Replica Viking Ship at Hjemkomst Center, Moorhead, Minnesota, Monday, June 14, 2021

Replica Viking Ship at Hjemkomst Center, Moorhead, Minnesota,  Monday, June 14, 2021
Replica Viking Ship at Hjemkomst Center, Moorhead, Minnesota, Monday, June 14, 2021

Wednesday, June 9, 2021

A Sick Cat, Dala Horses, and an 80-mile Scenic Tour, Lindsborg, Kansas, Part 2 - Monday-Wednesday, June 7-9, 2021

[Continued from Part 1]

Tuesday afternoon, June 8, 2021: After resting in the 5th wheel, Bob said he wanted to do the Kanopolis Lake Legacy Trail, an 80-mile, self-guided auto tour of the area. I love spontaneity! Let's go! 

So, we set out to see what there was to see in south-central Kansas. We were prepared with a US Army Corps of Engineers brochure (with a driving map and 27 points of interest) that Bob had picked up at the COE Campground Info Center. [Note: If you click the link above you can see the whole brochure!]

Our first stop (POI #1) was just behind the Kanopolis Lake Information Center at the outlet of the dam just upstream from our campsite. The Smoky Hill River was gushing down the hill. Our brochure gave us this information about flood control provided by the dam:

The Kansas River Basin is subject to infrequent but surprisingly destructive floods. In 1826, a solid wall of water from the Kansas River reached the Missouri [River] and submerged the bottoms at 10-12 feet. In 1844 William Bent, in traveling across the plains, had to follow the divides between rivers as "every river was full from bluff to bluff." The newly established town of Ellsworth was flooded in 1867, causing the town to relocate to its present site. Following the destruction of the 1938 flood on the Smoky Hill River, public sentiment turned in favor of flood control. The first project selected for the Kansas City District of the U.S. Army COE was Kanopolis Lake. Construction began in 1940, but was halted in 1942 due to World War II. Construction activities resumed in 1946 and the project was completed in 1948.

The dam's millrace.

Smoky Hill River--looking
toward our campground.

The banks of the river are eroding.

We drove across POI #2 which was Cooley's Crossing (now a bridge). On the north bank of the river, you can still see wagon cuts. [NOTE: Because of lush vegetation from recent rains, we could not see the wagon cuts.] Local homesteaders used the Cooley Crossing to travel to Marquette, Kansas, to obtain supplies and grind their wheat at Bacon's Mill. We passed by POI #3 which is Giles Family Cemetery.

From here, we headed across the highway to the Venango Park COE campground. It was a pretty campground as well. There is a swimming beach just behind the dam. POI #4, the Venango Post Office, was located approximately where the swimming beach is now.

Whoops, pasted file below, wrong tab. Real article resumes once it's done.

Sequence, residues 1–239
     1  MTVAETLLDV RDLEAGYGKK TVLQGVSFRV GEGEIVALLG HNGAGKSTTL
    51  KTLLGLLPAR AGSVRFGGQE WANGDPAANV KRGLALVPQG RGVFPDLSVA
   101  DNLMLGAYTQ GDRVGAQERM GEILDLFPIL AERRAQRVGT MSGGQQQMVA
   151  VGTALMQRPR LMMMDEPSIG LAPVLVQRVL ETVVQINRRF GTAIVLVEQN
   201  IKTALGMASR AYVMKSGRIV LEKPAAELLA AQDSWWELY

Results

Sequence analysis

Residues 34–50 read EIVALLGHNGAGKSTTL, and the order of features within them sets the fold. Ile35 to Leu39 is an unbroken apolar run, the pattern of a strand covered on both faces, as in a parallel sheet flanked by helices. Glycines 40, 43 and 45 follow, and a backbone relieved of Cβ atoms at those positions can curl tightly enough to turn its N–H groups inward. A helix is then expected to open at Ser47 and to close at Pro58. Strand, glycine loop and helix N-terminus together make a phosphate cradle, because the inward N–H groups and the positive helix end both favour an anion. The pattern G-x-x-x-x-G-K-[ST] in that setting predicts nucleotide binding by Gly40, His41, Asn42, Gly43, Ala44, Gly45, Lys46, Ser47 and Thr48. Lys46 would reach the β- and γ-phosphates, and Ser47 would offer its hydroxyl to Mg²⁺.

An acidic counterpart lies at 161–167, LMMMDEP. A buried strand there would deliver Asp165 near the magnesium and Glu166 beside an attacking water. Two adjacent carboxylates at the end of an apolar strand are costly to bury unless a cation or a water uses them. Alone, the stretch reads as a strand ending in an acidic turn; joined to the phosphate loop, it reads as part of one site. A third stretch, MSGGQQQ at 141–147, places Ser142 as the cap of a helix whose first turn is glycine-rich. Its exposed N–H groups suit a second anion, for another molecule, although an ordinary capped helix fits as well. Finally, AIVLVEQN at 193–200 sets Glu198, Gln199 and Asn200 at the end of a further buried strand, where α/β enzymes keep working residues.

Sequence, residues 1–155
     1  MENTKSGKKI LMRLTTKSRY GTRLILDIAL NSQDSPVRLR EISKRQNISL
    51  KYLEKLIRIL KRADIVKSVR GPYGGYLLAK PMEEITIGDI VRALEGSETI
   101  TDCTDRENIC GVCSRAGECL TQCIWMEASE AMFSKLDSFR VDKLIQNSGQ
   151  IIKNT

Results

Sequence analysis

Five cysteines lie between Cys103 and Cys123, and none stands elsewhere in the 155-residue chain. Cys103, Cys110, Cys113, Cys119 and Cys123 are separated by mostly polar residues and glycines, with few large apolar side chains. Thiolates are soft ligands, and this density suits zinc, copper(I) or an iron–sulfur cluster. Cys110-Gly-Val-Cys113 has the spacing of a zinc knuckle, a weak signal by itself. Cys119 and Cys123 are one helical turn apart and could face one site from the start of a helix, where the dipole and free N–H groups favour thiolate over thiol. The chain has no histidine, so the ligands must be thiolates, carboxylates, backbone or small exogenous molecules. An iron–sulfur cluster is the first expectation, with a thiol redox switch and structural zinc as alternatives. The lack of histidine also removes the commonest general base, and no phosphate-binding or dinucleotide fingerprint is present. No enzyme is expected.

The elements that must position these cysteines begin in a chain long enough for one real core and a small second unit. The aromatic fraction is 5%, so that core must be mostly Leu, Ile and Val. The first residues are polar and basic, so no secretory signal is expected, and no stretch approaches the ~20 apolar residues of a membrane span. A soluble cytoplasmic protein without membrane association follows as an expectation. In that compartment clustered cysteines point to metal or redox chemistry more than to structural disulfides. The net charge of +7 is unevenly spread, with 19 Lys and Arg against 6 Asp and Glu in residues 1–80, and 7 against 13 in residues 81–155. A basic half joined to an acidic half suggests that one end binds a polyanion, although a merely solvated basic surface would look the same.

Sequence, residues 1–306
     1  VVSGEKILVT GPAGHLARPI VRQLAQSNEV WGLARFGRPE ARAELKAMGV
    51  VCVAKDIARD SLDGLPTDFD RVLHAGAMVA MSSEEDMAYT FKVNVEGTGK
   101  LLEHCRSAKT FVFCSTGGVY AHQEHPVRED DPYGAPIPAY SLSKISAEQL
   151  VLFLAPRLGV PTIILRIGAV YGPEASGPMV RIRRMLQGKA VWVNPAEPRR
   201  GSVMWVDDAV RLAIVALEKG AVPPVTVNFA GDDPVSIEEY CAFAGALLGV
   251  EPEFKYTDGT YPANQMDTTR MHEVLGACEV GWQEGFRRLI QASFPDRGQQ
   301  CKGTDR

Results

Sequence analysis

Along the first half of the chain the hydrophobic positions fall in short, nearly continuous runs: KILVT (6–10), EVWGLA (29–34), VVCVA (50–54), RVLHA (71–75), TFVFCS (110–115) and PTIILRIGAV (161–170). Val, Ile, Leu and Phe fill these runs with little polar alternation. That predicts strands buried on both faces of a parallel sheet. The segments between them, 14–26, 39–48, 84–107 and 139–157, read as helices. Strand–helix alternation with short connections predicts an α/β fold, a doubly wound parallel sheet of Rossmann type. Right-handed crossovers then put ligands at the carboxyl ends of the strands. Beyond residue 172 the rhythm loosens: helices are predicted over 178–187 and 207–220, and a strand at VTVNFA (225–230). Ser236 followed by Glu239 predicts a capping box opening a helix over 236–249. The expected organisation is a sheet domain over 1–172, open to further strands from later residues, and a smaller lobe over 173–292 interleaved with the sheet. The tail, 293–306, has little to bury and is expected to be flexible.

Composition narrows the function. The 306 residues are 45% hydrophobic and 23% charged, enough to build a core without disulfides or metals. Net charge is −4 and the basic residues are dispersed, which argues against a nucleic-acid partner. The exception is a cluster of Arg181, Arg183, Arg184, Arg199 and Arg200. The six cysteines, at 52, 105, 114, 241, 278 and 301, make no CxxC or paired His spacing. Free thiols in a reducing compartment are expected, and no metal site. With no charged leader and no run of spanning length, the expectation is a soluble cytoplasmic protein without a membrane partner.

We're behind the dam. Just to the right 
of this parking lot is a beach. 

A trail heading through the campground.

Another view of Kanopolis Lake from
Horsethief State Park.

POI #5 - Riverside Division was one of the largest ranches in Kansas.  It became known as the Sherman Ranch from 1889-1902. The ranch grew to 40,000 acres and Riverside became one of eight divisions of the ranch. Extensive farm and hog operations used to operate out of this ranch.

POI #6 - Loder Point/Early Settlers Dedication. The Loder families were farmers and stockmen who came to the area from Fort Ellsworth. They became the keystones to the population base along the river valley. This site is dedicated to the settlers of Smoky Hill Valley. Loder Point is located in Venango Park.

POI #7 - Anderson Stage Station/Petroglyph Site (located in Horsethief State Park). An inn/stage station was built near this site. We did not see any remains. The Inscription Rock Petroglyph site is no longer accessible to the public. Weather changes and lake elevation have taken their toll on the petroglyphs.

As we drove along, we had great views of POI #8 -Rangeland Vistas. The area to the west of the road is a good example of the Smoky Hill uplands characterized by thick sandstones of the Dakota formation.

POI #9 - Terra Cotta. Yes, this town was named for red clay in the area that was shipped to pottery makers. But this town was also known, from 1886 to 1912, to have the busiest stockyards between Kansas City and Denver. There used to be a whole community here. Today, nothing remains except the railroad track.

I should note that this driving trip is a real adventure. We were out in the middle of the Kansas plains and sandstone, driving on roads that ranged from paved to gravel to sand and/or mud. It's a good thing the COE map on the brochure is so detailed because I had to study it carefully to make sure we made all the correct turns!

POI #10 - Carneiro. The Smoky Hill Trail crossed Elm Creek at the site of the present town of Carneiro. In 1866, the Kansas City and Santa Fe Stage and Mail Line began to travel the military trail. Several extensive sheep ranches were established in this area. Carneiro, which means sheepfold in Portuguese, grew into a commerce center for the sheepmen.

Our next stop, POI #11 Mushroom Rock State Park, was my favorite place on the tour! It's described as a geological phenomenon of sandstone spheres balanced on softer pedestals of sandstone. The Smoky Hill Trail crossed in this vicinity and travelers would venture off the trail to visit the rocks (much like what we're doing today). Mushroom Rock is the smallest state park in Kansas (five acres).


The aliens have landed!

Mushroom Rock State Park.




See how big this one is? Wow!


Great visual of the rocks
and trees in juxtaposition.

There was only one small hill in 
this little state park.

I am going to skip Points of Interest #12-#17. If you want to learn about those, you can read the brochure at the link above.